Decrypting a folder or file refers to clearing the Encrypt Contents To Secure Data check box in a folder's or file's Advanced Attributes dialog box, which you access from the folder's or file's Properties dialog box. Once decrypted, the file remains so until you select the Encrypt Contents To Secure Data check box. The only reason you might want to decrypt a file would be if other people needed access to the folder or file-for example, if you want to share the folder or make the file available across the network.
The Cipher command provides the ability to encrypt and decrypt files and folders from a command prompt. The following example shows the available switches for the Cipher command, described in Table 14.5:
cipher [/e | /d] [/s:folder_name] [/a] [/i] [/f] [/q] [/h] [/k] [file_name [...]]
Table 14.5 Cipher Command Switches
Encrypts the specified folders. Folders are marked so any files that are added later are encrypted.
Decrypts the specified folders. Folders are marked so any files that are added later are not encrypted.
Performs the specified operation on files in the given folder and all subfolders.
Performs the specified operation on files as well as folders. Encrypted files could be decrypted when modified, if the parent folder is not encrypted. To avoid this, encrypt the file and the parent folder.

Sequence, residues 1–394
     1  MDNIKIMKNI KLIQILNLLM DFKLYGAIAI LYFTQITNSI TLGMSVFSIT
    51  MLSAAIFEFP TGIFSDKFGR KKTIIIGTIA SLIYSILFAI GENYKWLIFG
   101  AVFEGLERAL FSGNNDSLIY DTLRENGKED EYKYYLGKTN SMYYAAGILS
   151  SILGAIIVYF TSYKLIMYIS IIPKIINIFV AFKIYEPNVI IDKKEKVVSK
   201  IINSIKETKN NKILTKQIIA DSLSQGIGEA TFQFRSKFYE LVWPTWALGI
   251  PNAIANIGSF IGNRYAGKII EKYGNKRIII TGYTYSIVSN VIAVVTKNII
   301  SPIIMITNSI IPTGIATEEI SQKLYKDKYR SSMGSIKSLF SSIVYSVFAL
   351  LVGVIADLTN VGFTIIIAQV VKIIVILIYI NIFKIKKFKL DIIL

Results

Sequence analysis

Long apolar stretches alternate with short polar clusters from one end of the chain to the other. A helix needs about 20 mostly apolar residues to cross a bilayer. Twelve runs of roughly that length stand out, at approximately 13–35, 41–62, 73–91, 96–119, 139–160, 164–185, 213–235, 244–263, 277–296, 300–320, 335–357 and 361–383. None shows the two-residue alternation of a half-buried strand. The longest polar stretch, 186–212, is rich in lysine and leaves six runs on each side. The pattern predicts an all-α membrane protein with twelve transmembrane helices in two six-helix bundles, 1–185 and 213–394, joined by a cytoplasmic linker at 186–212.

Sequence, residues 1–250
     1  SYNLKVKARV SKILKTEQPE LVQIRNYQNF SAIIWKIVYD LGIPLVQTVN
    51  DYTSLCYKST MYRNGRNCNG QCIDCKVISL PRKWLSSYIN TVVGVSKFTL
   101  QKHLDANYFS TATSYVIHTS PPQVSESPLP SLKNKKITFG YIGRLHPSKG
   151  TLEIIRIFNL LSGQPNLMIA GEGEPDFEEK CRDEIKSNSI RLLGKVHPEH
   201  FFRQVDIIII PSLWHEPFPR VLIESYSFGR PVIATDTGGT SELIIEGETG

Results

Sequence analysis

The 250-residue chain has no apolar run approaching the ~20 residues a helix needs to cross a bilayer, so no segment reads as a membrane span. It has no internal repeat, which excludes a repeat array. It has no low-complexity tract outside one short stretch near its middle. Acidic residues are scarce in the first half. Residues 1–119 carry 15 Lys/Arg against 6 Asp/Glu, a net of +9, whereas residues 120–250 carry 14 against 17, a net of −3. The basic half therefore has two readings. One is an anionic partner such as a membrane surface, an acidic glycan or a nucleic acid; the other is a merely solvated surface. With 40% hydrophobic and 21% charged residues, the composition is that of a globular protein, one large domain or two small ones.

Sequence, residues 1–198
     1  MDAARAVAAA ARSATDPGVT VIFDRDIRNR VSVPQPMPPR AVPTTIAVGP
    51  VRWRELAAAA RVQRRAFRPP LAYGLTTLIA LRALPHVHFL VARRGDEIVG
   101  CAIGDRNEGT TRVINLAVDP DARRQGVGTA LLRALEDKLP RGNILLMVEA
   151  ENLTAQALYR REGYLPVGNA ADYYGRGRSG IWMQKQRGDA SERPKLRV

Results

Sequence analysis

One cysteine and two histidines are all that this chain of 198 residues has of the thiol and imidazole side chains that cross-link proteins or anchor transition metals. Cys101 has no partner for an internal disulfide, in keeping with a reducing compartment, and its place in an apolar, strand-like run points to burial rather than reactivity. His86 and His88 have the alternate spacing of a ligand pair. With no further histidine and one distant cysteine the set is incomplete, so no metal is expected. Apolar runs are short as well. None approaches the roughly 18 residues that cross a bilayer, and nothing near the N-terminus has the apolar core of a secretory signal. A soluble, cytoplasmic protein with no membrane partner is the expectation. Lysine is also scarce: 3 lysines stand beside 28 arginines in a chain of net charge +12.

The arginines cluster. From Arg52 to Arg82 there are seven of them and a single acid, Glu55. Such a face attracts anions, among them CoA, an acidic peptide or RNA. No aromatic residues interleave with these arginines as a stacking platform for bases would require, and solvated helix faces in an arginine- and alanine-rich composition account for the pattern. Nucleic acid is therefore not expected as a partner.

Continues performing the specified operation even after errors have occurred. By default, Cipher stops when an error is encountered.
Forces the encryption operation on all specified files, even those that are already encrypted. Files that are already encrypted are skipped by default.
Reports only the most essential information.
Displays files with the hidden or system attributes, which are not shown by default.
Creates a new file encryption key for the user running the Cipher command. Using this option causes the Cipher command to ignore all other options.
Specifies a pattern, file, or folder.
If you run the Cipher command without parameters, it displays the encryption state of the current folder and any files that it contains. You can specify multiple filenames and use wildcards. You must put spaces between multiple parameters.
If you lose your file encryption certificate and associated private key through disk failure or any other reason, a person designated as the recovery agent can open the file using his or her own certificate and associated private key. If the recovery agent is on another computer in the network, send the file to the recovery agent. The recovery agent can bring his or her private key to the owner's computer, but it is never a good security practice to copy a private key onto another computer.
The default recovery agent is the administrator of the local computer unless the computer is part of a domain. In a domain, the domain administrator is the default recovery agent. You can designate alternative EFS recovery accounts for computers grouped by OUs. Before you can designate accounts to alternate recovery agents in a Windows 2000 domain, you must deploy Windows 2000 Server and Certificate Services to issue recovery agent certificates. For more information about Certificate Services, see Chapter 16, "Windows 2000 Certificate Services and Public Key Infrastructure" in the Microsoft Windows 2000 Server Resource Kit Distributed System Guide.